Being able to design and implement an effective unit plan is absolutely essential to any prospective teacher. My philosophy involves teaching the classics, as well as introducing our culturally diverse students to a variety of young adult literature. I believe that by being exposed to a combination of the two, students will find something relevant, and that speaks to them as individuals regardsless of their interests, preferences, and/or beliefs. In his book Teaching English by Design, Peter Smagorinsky discusses the importance of approaching a unit plan from a constructivist point of view, which has guided my teaching toward a more creative, student-centered curriculum in which students are active participants, while avoiding the type of pre-packaged, teacher-centered activities that cause students to check out.
Here are a few of the unit plans I have developed for use in a high school classroom. I have attached the units for both To Kill a Mockingbird and The Hunger Games. The unit for Othello was constructed while student teaching, and it was done over a six-week period. Some of the essential questions for the unit included:
- How might a person's surroundings affect their personality?
- How do the effects of racism affect a person's self-esteem?
- Is there such a thing as "motiveless malignity?"
This unit culminated with our students' participation in the New York City Student Shakespeare Festival, where they decided to explore different forms of hatred: racism, sexism, classism, and jealousy and how these are tragic flaws of humanity / human nature.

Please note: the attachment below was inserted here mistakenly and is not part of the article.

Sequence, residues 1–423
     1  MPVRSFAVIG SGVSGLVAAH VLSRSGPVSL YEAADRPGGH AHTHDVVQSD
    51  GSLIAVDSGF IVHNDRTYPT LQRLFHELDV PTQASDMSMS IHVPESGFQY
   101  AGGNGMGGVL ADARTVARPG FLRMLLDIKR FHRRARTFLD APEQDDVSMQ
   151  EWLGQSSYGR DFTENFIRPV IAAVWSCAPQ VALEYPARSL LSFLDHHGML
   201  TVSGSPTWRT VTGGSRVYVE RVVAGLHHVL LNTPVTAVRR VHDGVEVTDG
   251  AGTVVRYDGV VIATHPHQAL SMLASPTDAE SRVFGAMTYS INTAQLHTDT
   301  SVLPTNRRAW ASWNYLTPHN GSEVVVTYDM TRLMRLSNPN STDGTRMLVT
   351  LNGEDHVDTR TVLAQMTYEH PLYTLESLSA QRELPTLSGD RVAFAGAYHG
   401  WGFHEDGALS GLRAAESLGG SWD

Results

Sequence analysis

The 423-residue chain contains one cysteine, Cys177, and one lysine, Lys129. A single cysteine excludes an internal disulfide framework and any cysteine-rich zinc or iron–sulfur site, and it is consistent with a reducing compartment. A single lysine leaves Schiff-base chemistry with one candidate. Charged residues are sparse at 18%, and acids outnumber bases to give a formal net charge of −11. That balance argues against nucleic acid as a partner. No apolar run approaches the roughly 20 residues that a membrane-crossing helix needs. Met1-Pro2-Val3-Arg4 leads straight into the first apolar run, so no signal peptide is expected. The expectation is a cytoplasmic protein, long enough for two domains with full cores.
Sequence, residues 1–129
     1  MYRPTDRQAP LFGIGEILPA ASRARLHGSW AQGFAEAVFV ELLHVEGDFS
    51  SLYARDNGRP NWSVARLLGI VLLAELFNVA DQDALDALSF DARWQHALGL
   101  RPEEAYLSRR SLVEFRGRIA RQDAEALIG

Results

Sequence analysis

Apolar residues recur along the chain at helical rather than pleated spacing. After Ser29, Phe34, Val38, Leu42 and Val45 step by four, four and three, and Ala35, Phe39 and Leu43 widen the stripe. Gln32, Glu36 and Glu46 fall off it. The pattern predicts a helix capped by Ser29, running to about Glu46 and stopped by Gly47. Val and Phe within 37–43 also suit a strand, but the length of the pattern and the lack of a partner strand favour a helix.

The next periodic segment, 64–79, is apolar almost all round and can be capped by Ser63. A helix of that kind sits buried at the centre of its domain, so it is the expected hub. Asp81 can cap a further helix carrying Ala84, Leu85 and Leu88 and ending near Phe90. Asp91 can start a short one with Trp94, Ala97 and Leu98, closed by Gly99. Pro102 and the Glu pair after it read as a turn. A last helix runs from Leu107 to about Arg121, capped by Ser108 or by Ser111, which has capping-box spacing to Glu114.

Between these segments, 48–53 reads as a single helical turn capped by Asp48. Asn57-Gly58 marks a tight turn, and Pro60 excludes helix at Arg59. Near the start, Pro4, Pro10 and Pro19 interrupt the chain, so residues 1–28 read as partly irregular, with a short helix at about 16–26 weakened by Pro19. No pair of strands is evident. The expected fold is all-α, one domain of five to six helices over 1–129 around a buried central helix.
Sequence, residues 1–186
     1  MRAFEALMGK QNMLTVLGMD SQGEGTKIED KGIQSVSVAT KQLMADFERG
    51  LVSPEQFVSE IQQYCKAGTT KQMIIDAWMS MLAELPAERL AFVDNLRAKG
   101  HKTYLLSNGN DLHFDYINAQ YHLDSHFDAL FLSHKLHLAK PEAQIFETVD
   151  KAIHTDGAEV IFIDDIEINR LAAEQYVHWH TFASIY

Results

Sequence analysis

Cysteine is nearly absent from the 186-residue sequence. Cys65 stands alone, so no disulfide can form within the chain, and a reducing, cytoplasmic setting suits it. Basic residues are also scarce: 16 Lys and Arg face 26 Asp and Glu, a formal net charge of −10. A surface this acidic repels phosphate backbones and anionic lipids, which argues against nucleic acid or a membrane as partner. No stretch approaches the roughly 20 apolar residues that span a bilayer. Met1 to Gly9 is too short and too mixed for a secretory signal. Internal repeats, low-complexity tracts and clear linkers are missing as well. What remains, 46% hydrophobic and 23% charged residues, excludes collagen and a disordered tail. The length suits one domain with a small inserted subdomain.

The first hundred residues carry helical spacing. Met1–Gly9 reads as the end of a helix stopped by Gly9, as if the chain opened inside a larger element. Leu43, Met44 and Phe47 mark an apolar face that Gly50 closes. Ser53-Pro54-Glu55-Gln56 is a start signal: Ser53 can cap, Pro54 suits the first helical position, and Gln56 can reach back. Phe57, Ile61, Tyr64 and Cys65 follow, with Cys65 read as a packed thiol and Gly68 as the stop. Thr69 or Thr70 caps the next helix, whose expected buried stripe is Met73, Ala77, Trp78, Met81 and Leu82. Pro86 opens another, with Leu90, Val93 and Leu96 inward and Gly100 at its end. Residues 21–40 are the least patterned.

I feel that some of Shakespeare’s plays get more attention in the classroom than others. Works like Hamlet, Romeo and Juliet, and Macbeth are frequently found in the unit plans of high school teachers across the country. The themes and characters in those works are highly accessible to students, and they can certainly make connections to their own lives. Just as accessible, but often overlooked in those same classrooms is Othello. It too contains themes and characters that are extremely relevant to the lives of students, as well as to the world they live in. Issues such as race, jealousy, gender, and the nature of evil permeate throughout the text. In fact, in could be argued that race is the central theme of the play, which makes it a touchy subject for some. However, this is exactly what could make Othello an even more relevant work to our racially diverse students.